Facebook and privacy activists argue that any potential access from law enforcement via a ‘backdoor’ would be disastrous and undermine their right to privacy. In making this argument though, there have been a lot of oversimplifications and half-truths presented. Here I outline the top three false arguments:
False Argument #1: E2E encryption provides bullet-proof security. No one else can see my messages!
The first problem with this argument is the assumption that only specific people can access their data in a readable format. Devices have access to private keys; not you. Until the private key IS part of you, or stored within you, and the decryption is done within yourself and not your device, then you will never have complete confidentiality. The data will always need to exist in a decrypted, readable format on your devices so that it can be displayed, and this affords many opportunities for compromise. A compromise could come from malware, a buffer overflow exploit, a CPU vulnerability like Spectre/Meltdown, or simply a stolen, unencrypted phone. Ultimately, you don’t possess your private keys, your device does.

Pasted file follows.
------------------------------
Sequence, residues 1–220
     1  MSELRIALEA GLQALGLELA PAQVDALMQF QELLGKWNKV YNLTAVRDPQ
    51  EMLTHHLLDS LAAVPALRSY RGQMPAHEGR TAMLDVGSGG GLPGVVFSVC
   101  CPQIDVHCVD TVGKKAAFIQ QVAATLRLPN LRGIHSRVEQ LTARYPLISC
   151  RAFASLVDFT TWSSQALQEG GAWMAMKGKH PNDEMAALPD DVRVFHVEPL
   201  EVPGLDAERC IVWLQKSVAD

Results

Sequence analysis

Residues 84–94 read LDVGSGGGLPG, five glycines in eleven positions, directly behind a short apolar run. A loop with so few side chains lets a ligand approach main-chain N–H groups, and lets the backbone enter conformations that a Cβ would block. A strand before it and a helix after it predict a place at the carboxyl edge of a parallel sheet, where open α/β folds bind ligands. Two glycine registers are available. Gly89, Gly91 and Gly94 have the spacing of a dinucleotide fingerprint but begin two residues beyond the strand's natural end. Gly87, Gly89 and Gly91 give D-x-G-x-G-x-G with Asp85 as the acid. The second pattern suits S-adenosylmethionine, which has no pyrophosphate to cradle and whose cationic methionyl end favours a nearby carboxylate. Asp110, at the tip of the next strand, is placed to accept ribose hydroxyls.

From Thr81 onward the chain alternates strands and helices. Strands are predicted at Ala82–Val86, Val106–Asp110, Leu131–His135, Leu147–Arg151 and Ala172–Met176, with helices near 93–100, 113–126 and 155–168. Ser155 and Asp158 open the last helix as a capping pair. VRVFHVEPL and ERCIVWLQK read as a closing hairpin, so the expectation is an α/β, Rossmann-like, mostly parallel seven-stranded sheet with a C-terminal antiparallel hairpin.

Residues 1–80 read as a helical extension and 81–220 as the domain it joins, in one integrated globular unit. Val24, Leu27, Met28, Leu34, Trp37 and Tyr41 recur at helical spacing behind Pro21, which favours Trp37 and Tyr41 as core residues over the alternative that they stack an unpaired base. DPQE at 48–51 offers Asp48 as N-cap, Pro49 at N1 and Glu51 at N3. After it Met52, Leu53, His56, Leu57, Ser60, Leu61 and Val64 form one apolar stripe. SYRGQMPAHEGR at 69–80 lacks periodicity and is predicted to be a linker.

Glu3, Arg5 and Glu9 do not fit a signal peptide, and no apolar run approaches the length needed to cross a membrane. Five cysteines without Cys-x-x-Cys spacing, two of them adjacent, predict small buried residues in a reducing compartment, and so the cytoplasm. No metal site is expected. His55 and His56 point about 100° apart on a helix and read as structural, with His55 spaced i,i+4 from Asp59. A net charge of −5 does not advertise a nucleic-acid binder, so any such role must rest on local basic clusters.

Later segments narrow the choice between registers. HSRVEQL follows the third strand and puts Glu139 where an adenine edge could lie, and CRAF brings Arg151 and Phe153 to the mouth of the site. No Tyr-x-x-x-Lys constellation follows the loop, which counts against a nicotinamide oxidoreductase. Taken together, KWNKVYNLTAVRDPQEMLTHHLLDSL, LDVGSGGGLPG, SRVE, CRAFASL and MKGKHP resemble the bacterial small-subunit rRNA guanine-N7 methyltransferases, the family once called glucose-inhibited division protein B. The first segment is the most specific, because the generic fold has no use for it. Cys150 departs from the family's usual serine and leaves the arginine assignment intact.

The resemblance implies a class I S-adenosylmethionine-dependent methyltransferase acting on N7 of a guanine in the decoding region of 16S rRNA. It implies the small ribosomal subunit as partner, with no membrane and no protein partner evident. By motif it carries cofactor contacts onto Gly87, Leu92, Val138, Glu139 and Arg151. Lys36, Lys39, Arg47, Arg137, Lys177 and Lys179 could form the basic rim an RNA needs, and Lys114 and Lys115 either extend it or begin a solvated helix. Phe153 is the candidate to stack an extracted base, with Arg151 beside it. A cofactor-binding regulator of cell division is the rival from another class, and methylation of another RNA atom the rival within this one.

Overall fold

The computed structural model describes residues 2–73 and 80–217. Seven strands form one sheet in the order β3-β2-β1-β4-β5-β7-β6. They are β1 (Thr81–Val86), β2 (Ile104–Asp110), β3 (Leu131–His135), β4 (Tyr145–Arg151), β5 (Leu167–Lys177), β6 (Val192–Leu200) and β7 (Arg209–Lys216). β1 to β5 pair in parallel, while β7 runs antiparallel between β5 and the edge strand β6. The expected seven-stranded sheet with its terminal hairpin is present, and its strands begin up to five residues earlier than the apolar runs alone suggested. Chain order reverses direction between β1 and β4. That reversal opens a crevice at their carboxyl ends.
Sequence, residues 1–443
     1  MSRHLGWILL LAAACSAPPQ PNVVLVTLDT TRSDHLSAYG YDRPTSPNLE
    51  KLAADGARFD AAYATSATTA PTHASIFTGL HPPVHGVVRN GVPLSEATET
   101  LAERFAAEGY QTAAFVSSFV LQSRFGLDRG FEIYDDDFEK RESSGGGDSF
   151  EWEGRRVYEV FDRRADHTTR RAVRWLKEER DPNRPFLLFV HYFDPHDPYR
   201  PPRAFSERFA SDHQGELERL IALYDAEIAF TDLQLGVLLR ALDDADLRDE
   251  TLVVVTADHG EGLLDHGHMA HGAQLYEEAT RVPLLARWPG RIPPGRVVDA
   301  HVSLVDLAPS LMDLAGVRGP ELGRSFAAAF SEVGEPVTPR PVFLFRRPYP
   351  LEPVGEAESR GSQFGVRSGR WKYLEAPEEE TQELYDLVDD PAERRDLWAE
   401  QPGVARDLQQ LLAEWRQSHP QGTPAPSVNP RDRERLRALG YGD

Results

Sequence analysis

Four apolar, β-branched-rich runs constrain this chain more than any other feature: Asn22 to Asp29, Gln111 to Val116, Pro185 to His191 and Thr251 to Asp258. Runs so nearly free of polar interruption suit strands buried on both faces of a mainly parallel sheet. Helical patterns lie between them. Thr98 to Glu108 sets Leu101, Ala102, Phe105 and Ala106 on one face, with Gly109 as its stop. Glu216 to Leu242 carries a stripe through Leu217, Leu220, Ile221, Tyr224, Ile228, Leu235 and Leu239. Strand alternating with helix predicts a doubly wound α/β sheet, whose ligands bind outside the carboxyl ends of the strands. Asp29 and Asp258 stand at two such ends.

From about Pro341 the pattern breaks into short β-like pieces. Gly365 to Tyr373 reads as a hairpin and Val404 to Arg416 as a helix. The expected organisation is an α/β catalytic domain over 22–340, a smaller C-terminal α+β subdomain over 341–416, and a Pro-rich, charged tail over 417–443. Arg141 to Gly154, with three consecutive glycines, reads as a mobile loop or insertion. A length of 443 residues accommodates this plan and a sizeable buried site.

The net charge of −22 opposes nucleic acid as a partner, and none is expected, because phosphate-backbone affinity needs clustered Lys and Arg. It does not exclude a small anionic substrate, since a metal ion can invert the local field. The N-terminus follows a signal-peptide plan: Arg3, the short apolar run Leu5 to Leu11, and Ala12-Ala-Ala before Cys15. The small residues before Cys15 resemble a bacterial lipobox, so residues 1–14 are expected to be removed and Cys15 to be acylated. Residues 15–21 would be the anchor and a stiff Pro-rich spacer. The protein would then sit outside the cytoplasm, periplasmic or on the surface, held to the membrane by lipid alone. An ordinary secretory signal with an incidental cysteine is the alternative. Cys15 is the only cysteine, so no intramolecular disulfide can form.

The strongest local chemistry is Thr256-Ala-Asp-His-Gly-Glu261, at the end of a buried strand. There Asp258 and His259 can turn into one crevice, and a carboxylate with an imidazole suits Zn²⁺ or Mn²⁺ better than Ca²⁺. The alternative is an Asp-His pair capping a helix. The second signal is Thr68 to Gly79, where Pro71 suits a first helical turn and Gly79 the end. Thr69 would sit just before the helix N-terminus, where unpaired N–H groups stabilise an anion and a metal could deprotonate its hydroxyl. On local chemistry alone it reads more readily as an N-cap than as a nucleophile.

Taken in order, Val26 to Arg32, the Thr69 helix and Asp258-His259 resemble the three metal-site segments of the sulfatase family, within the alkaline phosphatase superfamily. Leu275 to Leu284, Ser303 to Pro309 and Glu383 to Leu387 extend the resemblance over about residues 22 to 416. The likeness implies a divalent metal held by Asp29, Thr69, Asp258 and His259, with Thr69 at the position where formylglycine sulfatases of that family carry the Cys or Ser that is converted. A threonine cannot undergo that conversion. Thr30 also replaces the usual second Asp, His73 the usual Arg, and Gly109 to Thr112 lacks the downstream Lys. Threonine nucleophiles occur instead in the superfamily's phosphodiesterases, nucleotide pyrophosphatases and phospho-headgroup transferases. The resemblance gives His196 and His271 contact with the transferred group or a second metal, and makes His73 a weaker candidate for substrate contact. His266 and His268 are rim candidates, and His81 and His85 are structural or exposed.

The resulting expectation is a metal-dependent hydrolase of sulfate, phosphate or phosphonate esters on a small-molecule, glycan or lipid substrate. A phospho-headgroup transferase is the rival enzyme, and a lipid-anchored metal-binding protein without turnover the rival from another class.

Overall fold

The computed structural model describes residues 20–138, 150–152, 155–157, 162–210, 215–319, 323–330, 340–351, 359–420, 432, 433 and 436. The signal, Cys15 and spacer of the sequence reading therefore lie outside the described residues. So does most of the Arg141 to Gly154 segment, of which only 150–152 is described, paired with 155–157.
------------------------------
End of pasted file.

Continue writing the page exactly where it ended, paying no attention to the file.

If you examine how WhatsApp stores your messages on your device, the sad truth is that its bulletproof E2EE isn’t even used to store the data at rest, but only for the data-in-transit. So, it may be true that WhatsApp or Facebook have zero chance of decrypting and reading your messages as they pass through their servers. However, they ultimately have control over the app(s) installed on your device, which has access to the messages stored in a simple database, without any fancy E2E encryption. There is technically nothing to stop the app from reading the contents of your messages, performing analysis for ad-serving purposes, or just sending all of it back to a remote server controlled by Facebook.
We’ve seen this before: Facebook Messenger can and does read your phone’s call and SMS history and send this information back to Facebook’s servers (with your permission). Further, WhatsApp cloud backups are NOT protected the same as the actual messages on the users’ phones. They can be decrypted by WhatsApp as needed using a private key they own.
False Argument #2: Encryption is already everywhere! Bad people will find a way to go ‘dark’